Daniel Gregory’s column: Racism row is getting out of hand

Do you agree or disagree with Daniel's views? Tweet him @mrdanielgregory or email daniel.gregory@jpress.co.uk
Do you agree or disagree with Daniel's views? Tweet him @mrdanielgregory or email daniel.gregory@jpress.co.uk

Firsty, I have to say I am all for sanctions against any player, manager, referee or fan who is found guilty of racially abusing anyone involved within any sport.

But does anyone else think the whole business of racism in football is getting a little bit ridiculous?

It seems we’re a nation obsessed with the issue of racism now, especially in football.

Racism is totally and utterly unacceptable, don’t get me wrong, but when we hear the Society of Black Lawyers demanding both a quota of black coaches and managers, as well as asking Spurs fans to stop singing a song they have been singing for years, you know things have gone a bit too far than really necessary.

Peter Herbert, the chairman of the SBL, is the man at the centre of the furore.

Herbert made the official complaint to the Metropolitan Police after referee Mark Clatternburg’s alleged racist comments towards Chelsea’s John Obi Mikel, and has now issued ludicrous warnings to Tottenham Hotspur Football Club about their supposed anti-Semitic chanting.

“We are not going to let go on this,” SBL chairman Herbert said.

“After November 20 there is a potential that people will get a criminal conviction. If they want to run that risk then fine.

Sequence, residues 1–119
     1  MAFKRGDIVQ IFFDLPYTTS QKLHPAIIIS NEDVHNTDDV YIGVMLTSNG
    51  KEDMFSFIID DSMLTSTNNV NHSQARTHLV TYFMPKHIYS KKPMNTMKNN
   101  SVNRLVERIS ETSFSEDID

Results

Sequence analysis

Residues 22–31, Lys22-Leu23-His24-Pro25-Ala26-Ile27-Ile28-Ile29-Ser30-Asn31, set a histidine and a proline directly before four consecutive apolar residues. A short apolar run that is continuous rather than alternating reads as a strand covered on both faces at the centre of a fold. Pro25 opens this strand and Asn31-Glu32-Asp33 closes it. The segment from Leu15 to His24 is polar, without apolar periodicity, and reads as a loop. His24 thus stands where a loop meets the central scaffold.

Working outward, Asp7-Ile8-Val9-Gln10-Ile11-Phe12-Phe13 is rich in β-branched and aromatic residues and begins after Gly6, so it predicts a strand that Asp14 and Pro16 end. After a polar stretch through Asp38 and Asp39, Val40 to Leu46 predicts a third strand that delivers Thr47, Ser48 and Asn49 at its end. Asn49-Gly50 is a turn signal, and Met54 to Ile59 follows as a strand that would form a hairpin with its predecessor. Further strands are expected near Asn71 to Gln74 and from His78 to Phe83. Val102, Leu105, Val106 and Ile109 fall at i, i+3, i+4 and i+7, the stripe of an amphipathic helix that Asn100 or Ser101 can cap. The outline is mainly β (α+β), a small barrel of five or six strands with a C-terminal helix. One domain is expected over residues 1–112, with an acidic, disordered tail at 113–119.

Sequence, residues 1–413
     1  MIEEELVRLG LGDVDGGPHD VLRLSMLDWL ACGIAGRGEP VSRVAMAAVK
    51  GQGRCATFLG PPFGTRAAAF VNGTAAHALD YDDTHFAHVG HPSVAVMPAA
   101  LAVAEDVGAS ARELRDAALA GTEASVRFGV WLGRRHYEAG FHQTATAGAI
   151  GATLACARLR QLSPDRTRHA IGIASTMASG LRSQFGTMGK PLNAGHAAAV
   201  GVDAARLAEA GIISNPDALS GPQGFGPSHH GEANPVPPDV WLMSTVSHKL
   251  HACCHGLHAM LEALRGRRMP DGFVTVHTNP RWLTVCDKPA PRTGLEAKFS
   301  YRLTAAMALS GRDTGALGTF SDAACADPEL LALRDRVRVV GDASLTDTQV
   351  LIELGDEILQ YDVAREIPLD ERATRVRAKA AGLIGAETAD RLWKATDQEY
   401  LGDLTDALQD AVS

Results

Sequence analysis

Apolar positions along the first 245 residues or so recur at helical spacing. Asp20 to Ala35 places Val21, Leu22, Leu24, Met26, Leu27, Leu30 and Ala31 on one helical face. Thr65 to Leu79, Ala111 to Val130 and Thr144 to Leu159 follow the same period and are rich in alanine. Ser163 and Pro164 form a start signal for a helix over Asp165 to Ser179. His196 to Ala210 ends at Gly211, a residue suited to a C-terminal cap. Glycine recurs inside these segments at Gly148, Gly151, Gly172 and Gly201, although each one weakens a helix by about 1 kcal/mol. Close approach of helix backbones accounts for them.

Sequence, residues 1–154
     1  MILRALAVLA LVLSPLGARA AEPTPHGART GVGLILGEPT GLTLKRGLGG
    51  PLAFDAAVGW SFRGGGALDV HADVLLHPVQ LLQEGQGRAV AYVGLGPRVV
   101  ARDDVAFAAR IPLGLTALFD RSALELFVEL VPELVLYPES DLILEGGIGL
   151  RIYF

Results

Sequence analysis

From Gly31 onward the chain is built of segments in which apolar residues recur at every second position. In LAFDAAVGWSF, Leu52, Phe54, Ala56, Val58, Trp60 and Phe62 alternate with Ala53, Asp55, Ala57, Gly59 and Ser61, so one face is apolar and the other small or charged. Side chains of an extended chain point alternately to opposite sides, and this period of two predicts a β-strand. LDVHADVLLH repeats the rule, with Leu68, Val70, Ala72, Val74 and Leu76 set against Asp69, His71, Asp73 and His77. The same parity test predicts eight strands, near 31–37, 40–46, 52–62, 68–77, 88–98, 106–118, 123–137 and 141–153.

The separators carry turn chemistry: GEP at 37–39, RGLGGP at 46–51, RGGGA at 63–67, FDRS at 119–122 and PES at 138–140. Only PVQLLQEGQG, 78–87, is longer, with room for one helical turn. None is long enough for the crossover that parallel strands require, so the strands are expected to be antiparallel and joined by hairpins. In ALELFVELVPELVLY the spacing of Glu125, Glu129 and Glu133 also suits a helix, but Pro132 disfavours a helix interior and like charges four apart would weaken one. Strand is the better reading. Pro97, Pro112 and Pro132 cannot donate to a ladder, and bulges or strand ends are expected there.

“We are serious. We aren’t in this for sensationalism. We think the vast majority of Tottenham fans are sensible and do not engage in anti-Semitism.”

Where on earth has this come from? How long have Spurs fans sang their ‘Yid Army’ chant? And Herbert chooses now to stick his oar in?

Spurs fans started to use the chant as a defence mechanism after opposition supporters taunted them for their large numbers of Jewish fans.

How is them using that chant harming anyone?

Granted, away supporters making a hissing sound to mimic the sound of the gas chambers during the holocaust is totally and utterly disgusting, but the chanting isn’t hurting or offending anyone and Herbert really ought to think about what he’s doing here.

The most ridiculous thing the SBL are ‘demanding’ in their ludicrous plan though, is a quota of 20 per cent quota at all levels of the FA, PFA, clubs, agents and referees.

The SBL’s plan

* A minimum six to nine-month ban for racial abuse, rising to a five-year ban for a third offence

* Any fines going directly to Kick It Out to fund grassroots anti-racism initiatives

* The creation of representative associations for black players, managers and coaches

* Guidance for referees to send off players using racist abuse and the power to call off games where the crowd is using such abuse

* A 20 per cent quota at all levels of the FA, PFA, clubs as well as football agents and referees

* Racial abuse to be a matter of gross misconduct incorporated into players’ contracts

* Clubs to invest in the personal education of all players, including university or college education